I don't know. I think I just, I don't know if I should publish this. This is like a whole stream of consciousness, but I think I'm afraid to identify as a founder again, I think that the level of comfort that I have with you know, I've got this job that is pretty cool, like I've been there almost a year. I don't hate my life having to work every day, like that's a comfort that I haven't known.

And all of the things that were so painful about not having this space that I imagined they're not pains for me anymore. So it's do I care enough? when it's not my pain? I think so. I think I just have to shift it. I think I have to shift to this idea of maybe this isn't primarily about kids in a homeschool program or kids in a afterschool program, but it's primarily about their parents and creating a space where parents can level up and their kids also have a place

that you know, their time is gonna be used in a valuable, beneficial way. At the same time, so if I'm a mom and I have an eight year old and I'm going to start going to these meetups where adults are learning how to code, I can bring my eight year old. Maybe there's a skate lesson happening in the other

room, you know? And we're both there doing things that are valuable. And I know that, my kid is okay, they're just, they're, a room away if anything happens. So I think maybe the solution for me right now is number one, to scale down what I'm trying to do at first. So think of it as, the skate school is letting me use their space for my purpose.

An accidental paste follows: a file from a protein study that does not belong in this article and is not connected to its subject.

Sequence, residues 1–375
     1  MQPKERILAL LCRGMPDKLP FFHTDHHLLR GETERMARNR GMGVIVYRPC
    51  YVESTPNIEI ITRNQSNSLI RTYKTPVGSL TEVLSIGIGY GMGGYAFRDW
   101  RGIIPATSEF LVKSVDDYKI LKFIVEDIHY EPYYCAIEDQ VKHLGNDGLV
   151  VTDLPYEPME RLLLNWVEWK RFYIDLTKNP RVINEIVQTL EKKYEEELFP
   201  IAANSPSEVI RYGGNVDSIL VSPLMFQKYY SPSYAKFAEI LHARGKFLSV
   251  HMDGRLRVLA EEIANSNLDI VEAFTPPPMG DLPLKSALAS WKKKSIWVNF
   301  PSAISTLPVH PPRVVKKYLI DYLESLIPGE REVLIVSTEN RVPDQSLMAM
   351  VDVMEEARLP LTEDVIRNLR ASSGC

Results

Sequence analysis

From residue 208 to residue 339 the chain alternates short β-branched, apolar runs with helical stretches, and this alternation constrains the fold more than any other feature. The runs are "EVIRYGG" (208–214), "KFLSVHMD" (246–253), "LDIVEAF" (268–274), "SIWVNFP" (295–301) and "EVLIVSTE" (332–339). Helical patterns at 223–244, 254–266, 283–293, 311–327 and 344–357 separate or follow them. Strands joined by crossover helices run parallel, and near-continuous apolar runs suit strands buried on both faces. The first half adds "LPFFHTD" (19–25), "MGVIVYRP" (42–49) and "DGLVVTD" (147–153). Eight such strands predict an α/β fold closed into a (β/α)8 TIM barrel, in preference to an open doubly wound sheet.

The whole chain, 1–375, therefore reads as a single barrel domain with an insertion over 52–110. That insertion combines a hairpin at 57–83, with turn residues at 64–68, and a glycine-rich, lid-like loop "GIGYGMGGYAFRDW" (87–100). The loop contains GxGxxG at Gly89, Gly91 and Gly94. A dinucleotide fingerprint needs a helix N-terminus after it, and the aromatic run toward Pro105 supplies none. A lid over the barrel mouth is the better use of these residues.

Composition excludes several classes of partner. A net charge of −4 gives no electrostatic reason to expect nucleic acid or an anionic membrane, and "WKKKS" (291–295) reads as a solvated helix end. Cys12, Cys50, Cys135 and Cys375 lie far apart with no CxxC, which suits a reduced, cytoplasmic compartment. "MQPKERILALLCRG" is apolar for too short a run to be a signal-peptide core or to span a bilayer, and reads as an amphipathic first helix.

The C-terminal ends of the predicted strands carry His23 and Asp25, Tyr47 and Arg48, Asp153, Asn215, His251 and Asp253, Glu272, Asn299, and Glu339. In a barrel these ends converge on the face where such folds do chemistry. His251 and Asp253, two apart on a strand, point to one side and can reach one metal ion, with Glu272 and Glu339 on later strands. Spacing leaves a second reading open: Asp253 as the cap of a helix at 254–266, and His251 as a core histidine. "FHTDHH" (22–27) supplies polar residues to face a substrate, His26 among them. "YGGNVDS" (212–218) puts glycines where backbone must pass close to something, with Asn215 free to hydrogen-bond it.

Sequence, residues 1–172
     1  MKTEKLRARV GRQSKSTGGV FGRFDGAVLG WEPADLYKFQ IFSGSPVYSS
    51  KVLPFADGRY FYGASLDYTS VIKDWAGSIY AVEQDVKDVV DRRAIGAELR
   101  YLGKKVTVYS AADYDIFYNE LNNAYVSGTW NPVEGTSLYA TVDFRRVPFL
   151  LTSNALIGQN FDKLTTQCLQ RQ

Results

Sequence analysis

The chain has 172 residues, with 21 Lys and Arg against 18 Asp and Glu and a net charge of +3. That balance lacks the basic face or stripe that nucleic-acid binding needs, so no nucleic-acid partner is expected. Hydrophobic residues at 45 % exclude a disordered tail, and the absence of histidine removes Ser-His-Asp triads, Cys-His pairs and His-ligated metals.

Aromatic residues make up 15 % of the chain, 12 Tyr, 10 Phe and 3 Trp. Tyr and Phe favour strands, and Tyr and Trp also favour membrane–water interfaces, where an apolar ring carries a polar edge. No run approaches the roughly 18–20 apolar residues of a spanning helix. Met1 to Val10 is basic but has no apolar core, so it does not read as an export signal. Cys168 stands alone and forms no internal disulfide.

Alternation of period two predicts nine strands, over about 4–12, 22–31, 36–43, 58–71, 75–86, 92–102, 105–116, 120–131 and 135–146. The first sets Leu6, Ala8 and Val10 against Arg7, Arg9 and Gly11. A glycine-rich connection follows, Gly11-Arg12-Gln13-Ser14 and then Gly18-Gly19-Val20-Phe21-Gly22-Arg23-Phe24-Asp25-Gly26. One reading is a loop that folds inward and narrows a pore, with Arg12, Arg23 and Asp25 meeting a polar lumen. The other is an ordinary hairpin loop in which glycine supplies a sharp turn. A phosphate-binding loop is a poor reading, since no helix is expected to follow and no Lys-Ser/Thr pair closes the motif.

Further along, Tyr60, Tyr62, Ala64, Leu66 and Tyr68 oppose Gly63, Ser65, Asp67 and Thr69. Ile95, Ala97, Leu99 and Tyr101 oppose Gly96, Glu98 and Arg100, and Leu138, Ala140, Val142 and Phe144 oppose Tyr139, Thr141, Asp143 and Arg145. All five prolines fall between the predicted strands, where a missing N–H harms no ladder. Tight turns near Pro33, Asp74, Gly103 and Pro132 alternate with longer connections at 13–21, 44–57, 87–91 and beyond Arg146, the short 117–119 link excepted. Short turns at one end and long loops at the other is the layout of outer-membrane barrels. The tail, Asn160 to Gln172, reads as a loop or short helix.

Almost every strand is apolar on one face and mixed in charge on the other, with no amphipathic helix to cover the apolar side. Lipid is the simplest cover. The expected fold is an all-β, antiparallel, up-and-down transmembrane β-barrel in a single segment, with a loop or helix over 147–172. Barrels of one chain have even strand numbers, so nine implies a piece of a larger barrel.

And they're letting me run my experiments there and then start running experiments and go off of the data that I collect to find out what the next step is gonna be. And now that I've talked it out, I do think that, my focus should be on empowering parents and getting other, especially single parents, like giving them an opportunity to level up their skills and have careers where they won't have to, they won't have to

leave their kids in the process. Cuz that was always my big thing, is that I'm a single mom, I'm homeschooling. We had some bad experiences with homeschooling groups and schools where, it wasn't safe. So my big problem was like I was looking for a job for all these years. I wanted to get a job as a programmer.

That's what I was looking for. And I wanted to do it from home because I didn't want to leave my kids with anybody and it wasn't an option to leave them with someone I trusted cuz I didn't trust the schools and like my family, know, everybody was working. Things are so much different now. Like my parents are both retired, I have, I could drop off my kids and leave for hours, for days even, and know that they're okay. I did not have this five years ago, four years ago, three years ago. So yeah, I think Nikema, I think I still wanna be a founder and I think I still have something that needs to be done, like something I need to

fulfill through this company PopSchools. And I think it's just different now. I think it's not the, because it really started out as I wanted to have schools like schools with self-directed education for kids. And that idea just kept morphing to being less and less involved in the educational choices, which I think is a lot of responsibility and not really my lane to be in, to be honest.

And then it really just became about I want a safe place for my kids and I wanna be able to work and I want to be able to work and not have to abandon my kids and not have to put them in school. Look where we are now. My kids are in school and it's working. It's working a lot better now than it was back then when they were homeschooled.